General Data Policy Regulation is a law of the European Union (EU) that ensures the protection of the personal data of every EU citizen. With a GDPR policy, the utility of an individual’s personal data is possible only with his/her concern.
Since 2018 this law has been in action in EU countries. For example, an FMCG company cannot purchase data and blast an Email Campaign. They cannot acquire mobile numbers of random individuals and keep repeatedly sending promotions without their consent. Protection from spam emails and messages is just one part. Also, erasure of data, the right to stop the processing of his/her personal data etc too are part of it.
Other Countries with Similar Laws
Post its exit from the EU, even Great Britain has a law similar to GDPR. Along the same lines, even Argentina, Brazil, Chile, Japan, Kenya, Mauritius, South Africa, South Korea too have similar laws. Even the state of California in the United States of America adopted the California Consumer Privacy Act in 2018 which has similarities to GDPR.
Why Not a GDPR for India?
India is the world’s second-most populous country and the largest democracy. Since liberalization, the country has been the battleground for various multinational companies ranging from banks to FMCG companies and even automobile companies to a significant extent. Social media networks like Twitter and Facebook too have a large number of their user base from India.
On this note, the data of every Indian is open to exploitation by every private entity. For example, let us say we are seeking a loan from a multinational bank. These banks are going to require our PAN details, our bank statements and our entire credit history.
Therefore, the bank has your personal details in and out for their own utility. Well, there is a fair argument that the bank might offer full protection of a person’s data. However, there is a possibility that by then, the bank would’ve outsourced the individual’s data to an analytics firm (third party) to conduct research on their behaviours.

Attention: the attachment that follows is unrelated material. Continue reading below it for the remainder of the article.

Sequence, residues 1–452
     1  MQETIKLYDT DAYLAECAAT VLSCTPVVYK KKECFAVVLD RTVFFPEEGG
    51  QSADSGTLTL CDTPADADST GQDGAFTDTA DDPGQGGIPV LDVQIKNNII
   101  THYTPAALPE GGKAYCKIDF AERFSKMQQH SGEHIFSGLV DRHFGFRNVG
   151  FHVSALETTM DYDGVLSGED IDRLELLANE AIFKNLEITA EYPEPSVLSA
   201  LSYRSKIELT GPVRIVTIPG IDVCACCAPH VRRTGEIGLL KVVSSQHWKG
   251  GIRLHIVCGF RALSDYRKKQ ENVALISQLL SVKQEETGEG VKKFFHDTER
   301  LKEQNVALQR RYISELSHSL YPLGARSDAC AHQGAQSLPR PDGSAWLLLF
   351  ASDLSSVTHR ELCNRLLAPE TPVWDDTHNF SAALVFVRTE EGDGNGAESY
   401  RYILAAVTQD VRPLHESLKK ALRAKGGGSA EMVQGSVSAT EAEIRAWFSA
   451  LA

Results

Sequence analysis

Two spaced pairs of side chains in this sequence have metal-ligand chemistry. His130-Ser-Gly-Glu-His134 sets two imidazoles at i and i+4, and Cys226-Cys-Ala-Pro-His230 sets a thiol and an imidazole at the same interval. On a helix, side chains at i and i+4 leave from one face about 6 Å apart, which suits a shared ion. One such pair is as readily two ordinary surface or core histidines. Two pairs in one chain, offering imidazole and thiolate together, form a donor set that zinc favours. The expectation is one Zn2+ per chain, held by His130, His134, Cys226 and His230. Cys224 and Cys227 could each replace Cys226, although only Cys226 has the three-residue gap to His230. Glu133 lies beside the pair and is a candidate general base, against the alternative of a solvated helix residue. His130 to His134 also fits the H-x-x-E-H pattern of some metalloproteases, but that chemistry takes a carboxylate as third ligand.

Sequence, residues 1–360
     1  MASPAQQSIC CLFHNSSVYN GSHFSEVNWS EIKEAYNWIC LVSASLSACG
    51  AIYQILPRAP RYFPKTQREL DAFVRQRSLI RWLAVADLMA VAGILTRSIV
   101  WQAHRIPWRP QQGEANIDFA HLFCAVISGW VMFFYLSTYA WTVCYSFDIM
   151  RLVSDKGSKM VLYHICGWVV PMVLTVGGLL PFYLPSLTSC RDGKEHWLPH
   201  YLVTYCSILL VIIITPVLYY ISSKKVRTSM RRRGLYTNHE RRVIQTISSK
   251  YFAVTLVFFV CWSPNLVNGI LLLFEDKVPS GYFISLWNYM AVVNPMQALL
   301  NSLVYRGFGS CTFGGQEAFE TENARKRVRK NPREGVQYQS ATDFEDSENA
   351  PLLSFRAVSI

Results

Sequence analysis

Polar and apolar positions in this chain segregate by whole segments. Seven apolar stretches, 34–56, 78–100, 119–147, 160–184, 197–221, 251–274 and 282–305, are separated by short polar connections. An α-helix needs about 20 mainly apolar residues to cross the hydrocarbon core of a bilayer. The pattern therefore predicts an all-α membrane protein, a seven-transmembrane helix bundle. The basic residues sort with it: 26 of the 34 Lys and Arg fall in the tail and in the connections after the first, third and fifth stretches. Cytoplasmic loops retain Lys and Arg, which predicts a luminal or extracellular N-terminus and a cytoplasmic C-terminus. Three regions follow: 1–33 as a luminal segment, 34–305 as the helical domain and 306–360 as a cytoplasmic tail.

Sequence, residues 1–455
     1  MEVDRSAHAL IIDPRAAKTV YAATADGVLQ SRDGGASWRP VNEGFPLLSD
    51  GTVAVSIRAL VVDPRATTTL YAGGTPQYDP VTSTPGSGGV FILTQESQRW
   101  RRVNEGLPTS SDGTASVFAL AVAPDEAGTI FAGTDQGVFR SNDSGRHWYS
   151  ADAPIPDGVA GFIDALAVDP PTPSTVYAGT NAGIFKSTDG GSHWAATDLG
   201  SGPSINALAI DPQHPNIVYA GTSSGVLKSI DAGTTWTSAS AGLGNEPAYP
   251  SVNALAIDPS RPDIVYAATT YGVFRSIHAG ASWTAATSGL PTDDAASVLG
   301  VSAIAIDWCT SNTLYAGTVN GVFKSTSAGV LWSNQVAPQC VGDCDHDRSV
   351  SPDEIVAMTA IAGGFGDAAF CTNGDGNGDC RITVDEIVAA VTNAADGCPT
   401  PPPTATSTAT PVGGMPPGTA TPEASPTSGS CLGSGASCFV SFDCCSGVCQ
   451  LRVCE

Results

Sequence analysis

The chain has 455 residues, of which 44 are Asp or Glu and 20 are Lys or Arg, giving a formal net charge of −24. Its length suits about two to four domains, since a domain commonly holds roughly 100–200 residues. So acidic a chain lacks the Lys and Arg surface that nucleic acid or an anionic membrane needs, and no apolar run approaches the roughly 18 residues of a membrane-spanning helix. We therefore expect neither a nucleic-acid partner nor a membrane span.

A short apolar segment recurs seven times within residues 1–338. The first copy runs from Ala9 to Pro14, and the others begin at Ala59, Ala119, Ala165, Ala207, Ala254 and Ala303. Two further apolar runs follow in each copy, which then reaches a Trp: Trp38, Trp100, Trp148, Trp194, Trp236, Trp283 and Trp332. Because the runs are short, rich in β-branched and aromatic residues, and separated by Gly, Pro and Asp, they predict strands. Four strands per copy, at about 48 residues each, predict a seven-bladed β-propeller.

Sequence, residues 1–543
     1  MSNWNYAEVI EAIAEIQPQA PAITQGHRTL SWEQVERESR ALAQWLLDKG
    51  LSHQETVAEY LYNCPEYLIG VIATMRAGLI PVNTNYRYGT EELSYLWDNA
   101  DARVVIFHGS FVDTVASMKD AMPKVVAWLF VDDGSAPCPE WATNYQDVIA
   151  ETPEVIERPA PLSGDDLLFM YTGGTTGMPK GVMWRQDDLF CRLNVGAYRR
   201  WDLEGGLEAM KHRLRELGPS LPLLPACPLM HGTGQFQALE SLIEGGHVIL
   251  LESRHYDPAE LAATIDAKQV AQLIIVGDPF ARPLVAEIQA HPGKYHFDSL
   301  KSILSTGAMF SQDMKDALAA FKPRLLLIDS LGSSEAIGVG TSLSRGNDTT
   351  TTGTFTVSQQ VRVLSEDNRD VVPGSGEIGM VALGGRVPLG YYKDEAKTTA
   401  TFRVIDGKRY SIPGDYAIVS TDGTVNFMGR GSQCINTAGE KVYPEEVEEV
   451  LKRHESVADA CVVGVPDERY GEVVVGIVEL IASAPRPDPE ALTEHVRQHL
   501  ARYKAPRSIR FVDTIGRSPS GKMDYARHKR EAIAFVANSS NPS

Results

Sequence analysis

Understanding Behaviours and Lookalike Models
Based on these behaviours, a lookalike model can be created, which acts as a proxy for the researcher to understand the user behaviour. While until now the entire process looks smart, here is the catch. When someone understands the lookalike model’s behaviour in and out, isn’t there a possibility of manipulation?
Yes, manipulating the model and influencing the behaviour of every consumer gradually becomes the norm. As a result, a common citizen is by default urged to apply for a loan for every single purpose.
Now, let us imagine a scenario with an FMCG company. Here if the company is keen on increasing its sales, they always tend to make the product an addiction.
Coca Cola and Pepsi are the best examples to observe. Yes, even today many of us are so much into consuming Coke and Pepsi rather than plain water because in one way or the other, we are addicted to it.
In a nutshell, these companies can seamlessly manipulate a set of audiences and dictate terms to them. In short, these MNCs could be a new age East India Company!
Political Implications & Public Perception with Data
We all remember the Cambridge Analytica scam that had a large role to play in influencing public perception. The toxic campaigns of Brexit and the 2016 US Presidential Elections is reportedly a larger scam of influencing perception. Similarly, Indian Elections too are drifting towards those perception battles in the state as well as parliamentary elections.
On the other hand, the epic Delhi Riots in 2020 and even the Farmer protests are classic examples of mass influence. Therefore, implementing a general data policy regulation to protect the personal data of every Indian citizen is highly essential.